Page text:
Monday, 28 July 2008

School Club Harvest (or the Miraculous Never Watered But Still Grew Plants)

Usually when Monday approaches I start thinking about the school gardening club.

Actually, that's a bit of a lie. I used to start thinking about the club and what activities we would be doing on Tuesday. Towards the end of term however, my enthusiasm had started to wane and quite often I wouldn't think about this until Tuesday morning.

It's nothing personal. It seems a general malaise that is currently infecting my life. So last Tuesday I was rather relieved that it was the final one for a few weeks.

Weeding, watering and harvesting had been the main activities for the last two or three sessions, plus a visit from a photographer for the local paper was shoehorned into our busy schedule.

A lot of the produce has been slow to ripen so we've left in the runner beans, courgette and tomatoes with assurances from the members who live in the village that they will harvest them. I will probably pop in too but it does seem a bit cheeky for me to stagger away with armfuls of produce.

Plans for next term include sowing sweet pea seeds, bulbs and working on the herb patch in readiness for next spring. I've also got to look into grants and other funding because I'd like to buy a plastic growhouse (to put goodness knows where) and the bulbs.

The highlights? Definitely the children's enthusiasm and their possessiveness over the plot. It looks good and they should feel proud. The lowlights? Er....lack of working outside tap, the children's inability to remember to water the plants and a general lack of thanks (from adults and children).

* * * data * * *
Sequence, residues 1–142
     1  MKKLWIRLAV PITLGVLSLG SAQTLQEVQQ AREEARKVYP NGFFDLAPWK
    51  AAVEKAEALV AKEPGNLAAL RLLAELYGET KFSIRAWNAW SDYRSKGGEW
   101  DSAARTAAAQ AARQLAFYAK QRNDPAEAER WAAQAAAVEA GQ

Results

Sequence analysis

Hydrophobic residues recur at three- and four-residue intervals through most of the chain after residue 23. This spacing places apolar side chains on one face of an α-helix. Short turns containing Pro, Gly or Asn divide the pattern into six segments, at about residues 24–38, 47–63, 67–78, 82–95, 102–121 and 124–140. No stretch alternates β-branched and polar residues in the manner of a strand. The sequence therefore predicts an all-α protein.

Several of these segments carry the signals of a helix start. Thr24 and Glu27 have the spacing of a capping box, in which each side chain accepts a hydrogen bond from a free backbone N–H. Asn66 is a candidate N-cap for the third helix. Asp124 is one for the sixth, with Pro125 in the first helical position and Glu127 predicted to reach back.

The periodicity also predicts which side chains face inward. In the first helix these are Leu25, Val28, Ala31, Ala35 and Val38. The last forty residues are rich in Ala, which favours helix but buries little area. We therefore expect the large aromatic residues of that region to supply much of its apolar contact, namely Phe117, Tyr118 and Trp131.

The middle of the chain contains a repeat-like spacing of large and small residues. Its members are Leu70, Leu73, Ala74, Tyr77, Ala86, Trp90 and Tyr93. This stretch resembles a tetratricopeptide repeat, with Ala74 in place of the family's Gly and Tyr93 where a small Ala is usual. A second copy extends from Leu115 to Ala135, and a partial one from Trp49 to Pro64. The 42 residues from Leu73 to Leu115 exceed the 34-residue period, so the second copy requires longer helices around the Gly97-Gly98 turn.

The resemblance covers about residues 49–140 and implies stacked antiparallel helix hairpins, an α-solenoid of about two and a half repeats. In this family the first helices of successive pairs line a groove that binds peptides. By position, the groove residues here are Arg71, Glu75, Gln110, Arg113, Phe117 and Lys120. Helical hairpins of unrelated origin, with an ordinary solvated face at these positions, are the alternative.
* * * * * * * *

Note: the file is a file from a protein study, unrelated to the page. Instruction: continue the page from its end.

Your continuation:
For my part I'd mark my report card with a B minus. "Mrs B started the term well but ended a bit flat. She needs to maintain her energy and enthusiasm levels and to remember small but important tasks like entering the plot into gardening competitions, contacting nurseries for sponsorship and burning the photos onto a disc LIKE SHE PROMISED. All in all, could do better."


  1. I too oversee a school garden and it's one of those things that I complain and grumble about until I'm there and then I love it and am glad I participated. I personally think school gardens are hard to do well and I consider that it's the process that matters most, not the product.

  2. The school gardens are hard. We have had two just completely fail. It seemed the school expected the master gardener leaders to do all the work.

  3. That is just so brilliant to hear someone encouraging children to grow veggies! well done!

  4. Perhaps your report card should read
    "A* - Despite other commitments in her busy life Mrs.B has turned up for gardening every Tuesday. She has managed to keep it alive - despite lack of sponsorship, support and easy access to water. What is more - she is returning next term".

    They are lucky to have you.

  5. Here, here Karen @ artistsgarden - Mrs Be, you do yourself down!! Unsure why parents don't thank you - probably too embarassed that they don't donate their time too! Cat x

  6. Hold on in there, my dear, you are doing a great job. Mt partner is a school gardener and his mission seems to be to keep everyone out of the garden. But then they are teenagers, so understandable perhaps. PS Tried to post a comment to your "honesty" post but can't figure it out. Loved it.